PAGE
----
Whether we are dealing with the health and treatment of our loved ones or ourselves, we look to health care providers and institutions to help us at our most vulnerable times. Health care is more than just repairing broken bones, it is about creating spaces where people feel safe and respected. This Global Ethics Day, we are reminded about the values and goals underpinning our health care systems. Western medicine has long recognized four key ethical responsibilities of those involved in health care: autonomy, beneficence, non-maleficence, and justice.
Over the past year and a half, it has become increasingly evident that justice is a value significantly lacking in our current health systems. The Coronavirus pandemic has exposed and exacerbated the systemic disparities present both within and across countries and cultures. On a global scale, we have lost approximately 4.5 million people, and no community has been spared from its impact. It has become apparent, however, that while this virus does not discriminate based on identity or access to resources, health care systems can.
The Healthy People initiative, originally launched to promote health equity and eliminate health disparities in the U.S. defines disparity as “a particular type of health difference that is closely linked with social, economic, and/or environmental disadvantage.” Overcoming disparities present within our systems poses a significant challenge, yet with each challenge we are also presented opportunities. An opportunity for growth and change, to move away from a model based on privilege and to embrace the guiding principle of justice.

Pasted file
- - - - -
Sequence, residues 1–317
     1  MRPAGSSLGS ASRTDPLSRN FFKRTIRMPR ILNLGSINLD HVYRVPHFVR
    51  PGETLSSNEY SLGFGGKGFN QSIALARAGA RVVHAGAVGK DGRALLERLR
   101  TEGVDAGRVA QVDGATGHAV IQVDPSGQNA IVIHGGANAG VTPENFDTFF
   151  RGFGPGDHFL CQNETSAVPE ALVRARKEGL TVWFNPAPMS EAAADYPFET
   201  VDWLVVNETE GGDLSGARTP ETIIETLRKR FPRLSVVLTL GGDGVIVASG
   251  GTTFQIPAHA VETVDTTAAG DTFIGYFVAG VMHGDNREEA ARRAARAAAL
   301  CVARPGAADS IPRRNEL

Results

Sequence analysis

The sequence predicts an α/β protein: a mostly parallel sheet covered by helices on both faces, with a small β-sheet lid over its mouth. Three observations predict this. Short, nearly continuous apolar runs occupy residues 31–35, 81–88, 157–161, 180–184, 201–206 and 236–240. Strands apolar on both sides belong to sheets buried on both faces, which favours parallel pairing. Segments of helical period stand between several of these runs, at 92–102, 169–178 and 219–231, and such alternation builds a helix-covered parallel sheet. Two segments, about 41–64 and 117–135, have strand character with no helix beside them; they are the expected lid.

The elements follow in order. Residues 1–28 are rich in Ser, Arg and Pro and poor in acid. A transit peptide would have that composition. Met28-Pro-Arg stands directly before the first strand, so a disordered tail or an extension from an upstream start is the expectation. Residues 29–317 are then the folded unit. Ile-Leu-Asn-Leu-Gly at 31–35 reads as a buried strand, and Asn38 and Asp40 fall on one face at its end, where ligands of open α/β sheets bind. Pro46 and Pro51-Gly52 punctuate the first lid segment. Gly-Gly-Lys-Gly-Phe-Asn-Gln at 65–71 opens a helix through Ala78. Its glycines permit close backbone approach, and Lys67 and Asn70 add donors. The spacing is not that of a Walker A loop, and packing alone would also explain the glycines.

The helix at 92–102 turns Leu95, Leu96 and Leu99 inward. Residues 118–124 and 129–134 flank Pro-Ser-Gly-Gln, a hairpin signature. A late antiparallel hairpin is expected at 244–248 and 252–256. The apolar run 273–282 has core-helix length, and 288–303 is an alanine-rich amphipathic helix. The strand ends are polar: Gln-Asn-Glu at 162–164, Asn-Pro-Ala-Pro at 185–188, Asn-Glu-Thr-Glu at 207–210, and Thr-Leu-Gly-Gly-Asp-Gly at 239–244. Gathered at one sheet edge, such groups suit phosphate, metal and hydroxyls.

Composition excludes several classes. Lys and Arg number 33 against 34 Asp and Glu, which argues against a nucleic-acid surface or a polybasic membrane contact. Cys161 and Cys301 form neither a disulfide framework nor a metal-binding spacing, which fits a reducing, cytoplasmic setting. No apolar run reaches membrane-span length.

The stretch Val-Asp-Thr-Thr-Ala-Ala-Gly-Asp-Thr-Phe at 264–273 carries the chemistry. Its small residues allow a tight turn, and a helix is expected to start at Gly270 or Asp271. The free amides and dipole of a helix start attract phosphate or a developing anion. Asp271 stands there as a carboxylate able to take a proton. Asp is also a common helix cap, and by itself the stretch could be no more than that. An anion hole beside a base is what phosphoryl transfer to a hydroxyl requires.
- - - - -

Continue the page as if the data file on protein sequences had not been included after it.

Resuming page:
Each person’s understanding and experience of good health and good health care varies based on their religion, culture, and background. Justice is not about finding a definition that everyone can agree upon, but rather giving everyone the same opportunities and choices to be healthy. Tanenbaum offers numerous resources and services to help eliminate disparities and promote health equity, including our Creating Inclusive Spaces Fact Sheet and our Curricula for Nursing Education, which covers topics from acknowledging unconscious bias to providing religio-culturally competent care for patients.
The path to health equity is long and arduous, but it is ultimately necessary. The U.S. health care system has demonstrated that increased spending does not translate to better health. However, when people are given the opportunity to make informed choices and become active participants in their care, outcomes improve. While we work towards health equity, it is important to note that we must first change how we think about health care, recognizing that it is not something to be earned, but is a fundamental right for every human regardless of religion, race, ethnicity, gender, sexual orientation, and socioeconomic status.
Maria McQuade, Health Care Program Senior Associate